Could our streets soon be lit by luminous trees?

Bio Plant

Remember that scene in the sci-fi film Avatar, where all the blue people gather round the tree that seems to be lit from within? Well, that could soon be a real thing, not just on Pandora, but here on Earth – and they wouldn’t just be pretty, they could be practical, lighting our streets and even our homes.

Dutch artist and entrepreneur Daan Roosegaarde has been working for several years in the field of biomimicry, the sustainability concept that leads to the creation of things which are inspired by the time-honoured strategies of nature.

He’s fascinated by the bioluminescence of creatures like jellyfish and fireflies, which can create their own light from biological fuel, and provide it independently, even deep in the ocean.

His interest led him to a collaboration with Dr Alexander Krichevsky, a biotech researcher from State University of New York, and founder of BIOGLOW, the St. Louis-based biotechnology firm that developed the first light-producing plant.

Several years of research on Dr Krischevsky’s part eventually led to him splicing DNA from luminous marine bacteria with the chloroplast genome of a houseplant. Thus was born the Starlight Avatar, which had the distinction of being this world’s first auto luminescent ornamental plant.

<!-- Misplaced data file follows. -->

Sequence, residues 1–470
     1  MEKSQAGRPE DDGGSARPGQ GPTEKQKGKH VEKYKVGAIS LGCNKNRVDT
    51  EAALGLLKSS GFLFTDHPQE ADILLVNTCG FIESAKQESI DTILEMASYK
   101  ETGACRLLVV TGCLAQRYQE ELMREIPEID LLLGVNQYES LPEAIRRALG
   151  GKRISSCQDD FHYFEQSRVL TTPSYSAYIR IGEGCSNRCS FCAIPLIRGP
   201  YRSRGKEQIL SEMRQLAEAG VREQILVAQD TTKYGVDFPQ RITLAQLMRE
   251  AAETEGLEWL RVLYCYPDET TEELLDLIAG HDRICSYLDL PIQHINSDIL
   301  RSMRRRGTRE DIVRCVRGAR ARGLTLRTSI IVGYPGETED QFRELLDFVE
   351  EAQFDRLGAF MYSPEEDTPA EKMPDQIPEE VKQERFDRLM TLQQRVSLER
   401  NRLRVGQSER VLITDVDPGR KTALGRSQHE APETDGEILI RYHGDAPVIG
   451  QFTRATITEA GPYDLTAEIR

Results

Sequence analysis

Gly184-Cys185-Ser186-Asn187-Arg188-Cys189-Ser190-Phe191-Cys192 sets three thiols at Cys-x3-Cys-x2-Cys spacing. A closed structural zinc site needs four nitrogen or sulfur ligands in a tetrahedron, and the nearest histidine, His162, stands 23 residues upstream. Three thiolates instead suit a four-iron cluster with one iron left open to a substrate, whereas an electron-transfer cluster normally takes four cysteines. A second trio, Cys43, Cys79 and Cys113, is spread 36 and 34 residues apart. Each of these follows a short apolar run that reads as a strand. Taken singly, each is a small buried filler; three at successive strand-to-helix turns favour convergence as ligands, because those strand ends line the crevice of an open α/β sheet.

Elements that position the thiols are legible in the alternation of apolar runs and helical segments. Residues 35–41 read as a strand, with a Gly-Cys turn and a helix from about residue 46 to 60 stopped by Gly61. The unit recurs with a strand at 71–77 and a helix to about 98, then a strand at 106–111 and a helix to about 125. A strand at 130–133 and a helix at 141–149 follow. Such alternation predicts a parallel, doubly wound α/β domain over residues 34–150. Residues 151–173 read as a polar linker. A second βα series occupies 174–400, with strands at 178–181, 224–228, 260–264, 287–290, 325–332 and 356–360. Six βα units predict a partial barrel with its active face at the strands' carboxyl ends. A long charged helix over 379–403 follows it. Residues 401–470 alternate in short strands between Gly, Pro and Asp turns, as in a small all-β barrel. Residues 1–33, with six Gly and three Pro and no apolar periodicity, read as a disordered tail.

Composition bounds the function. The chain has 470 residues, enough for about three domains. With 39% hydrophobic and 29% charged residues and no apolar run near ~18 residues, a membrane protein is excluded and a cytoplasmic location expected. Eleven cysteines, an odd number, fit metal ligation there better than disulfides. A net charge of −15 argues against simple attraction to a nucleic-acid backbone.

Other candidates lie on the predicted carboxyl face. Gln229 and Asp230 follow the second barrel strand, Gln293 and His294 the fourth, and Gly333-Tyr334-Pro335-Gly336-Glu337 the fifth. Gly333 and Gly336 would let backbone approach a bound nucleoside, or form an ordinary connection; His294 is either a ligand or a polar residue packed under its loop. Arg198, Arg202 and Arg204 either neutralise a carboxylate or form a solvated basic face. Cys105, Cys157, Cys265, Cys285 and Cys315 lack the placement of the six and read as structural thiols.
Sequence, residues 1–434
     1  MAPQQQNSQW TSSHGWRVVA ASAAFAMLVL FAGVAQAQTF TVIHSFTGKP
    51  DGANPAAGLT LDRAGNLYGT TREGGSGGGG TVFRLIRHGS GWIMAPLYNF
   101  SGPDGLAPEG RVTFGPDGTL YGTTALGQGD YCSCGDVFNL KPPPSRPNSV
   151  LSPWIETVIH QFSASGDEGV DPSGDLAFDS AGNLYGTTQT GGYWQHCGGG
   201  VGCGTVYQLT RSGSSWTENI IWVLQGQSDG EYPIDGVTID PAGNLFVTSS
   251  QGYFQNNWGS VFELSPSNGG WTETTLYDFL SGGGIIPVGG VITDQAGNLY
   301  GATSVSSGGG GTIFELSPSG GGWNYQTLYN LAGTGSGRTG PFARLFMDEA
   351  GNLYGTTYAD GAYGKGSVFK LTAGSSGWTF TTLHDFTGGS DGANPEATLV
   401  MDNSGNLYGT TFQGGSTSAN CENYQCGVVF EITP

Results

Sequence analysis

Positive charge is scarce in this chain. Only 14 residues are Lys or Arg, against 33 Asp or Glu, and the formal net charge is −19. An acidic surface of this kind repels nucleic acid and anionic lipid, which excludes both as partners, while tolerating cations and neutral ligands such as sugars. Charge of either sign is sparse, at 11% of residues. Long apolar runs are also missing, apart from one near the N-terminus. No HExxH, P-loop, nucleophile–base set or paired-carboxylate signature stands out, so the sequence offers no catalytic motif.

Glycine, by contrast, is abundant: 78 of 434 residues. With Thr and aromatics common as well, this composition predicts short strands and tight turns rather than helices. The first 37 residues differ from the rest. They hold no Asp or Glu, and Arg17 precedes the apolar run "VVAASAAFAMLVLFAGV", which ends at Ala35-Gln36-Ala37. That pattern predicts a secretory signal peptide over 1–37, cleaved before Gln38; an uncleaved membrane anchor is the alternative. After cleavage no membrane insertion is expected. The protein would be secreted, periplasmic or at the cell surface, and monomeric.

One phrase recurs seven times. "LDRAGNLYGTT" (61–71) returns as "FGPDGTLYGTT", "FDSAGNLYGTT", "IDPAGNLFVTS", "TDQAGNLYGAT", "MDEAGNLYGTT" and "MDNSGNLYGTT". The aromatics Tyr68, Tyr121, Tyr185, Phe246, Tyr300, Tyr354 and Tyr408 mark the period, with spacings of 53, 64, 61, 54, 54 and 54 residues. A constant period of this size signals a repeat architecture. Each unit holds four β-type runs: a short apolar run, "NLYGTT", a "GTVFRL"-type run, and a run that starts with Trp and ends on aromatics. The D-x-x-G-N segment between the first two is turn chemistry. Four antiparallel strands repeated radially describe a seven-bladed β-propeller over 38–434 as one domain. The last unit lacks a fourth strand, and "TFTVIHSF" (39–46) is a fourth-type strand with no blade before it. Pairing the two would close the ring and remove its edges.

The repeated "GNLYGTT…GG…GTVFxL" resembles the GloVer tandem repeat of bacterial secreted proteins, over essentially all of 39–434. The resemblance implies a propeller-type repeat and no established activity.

In truth, it isn’t that bright – BIOGLOW’s publicity likens it to ‘starlight’, so it’s not going to make any pitch-black thoroughfares navigable for vehicles in the immediate future. But while its gentle green glow may be limited for practical purposes, it’s encouraged further research, which might one day lead to plants that are more than just pretty.

The idea is that streetlights could be ‘grown’ as trees, or perhaps the plants could be placed in lamp-shaped receptacles. Taking some responsibility for street lighting off the grid could conceivably lead to some significant savings, though there are significant problems to be overcome first, not least the fact that they don’t live very long (around two to three months, which would lead to significant replacement costs) and the potential deal-breaker that they’re intolerant to sunlight.

The group will be conducting the research in the US – they won’t be able to do any in Europe because of the strict rules governing genetically modified plants on this side of the pond.

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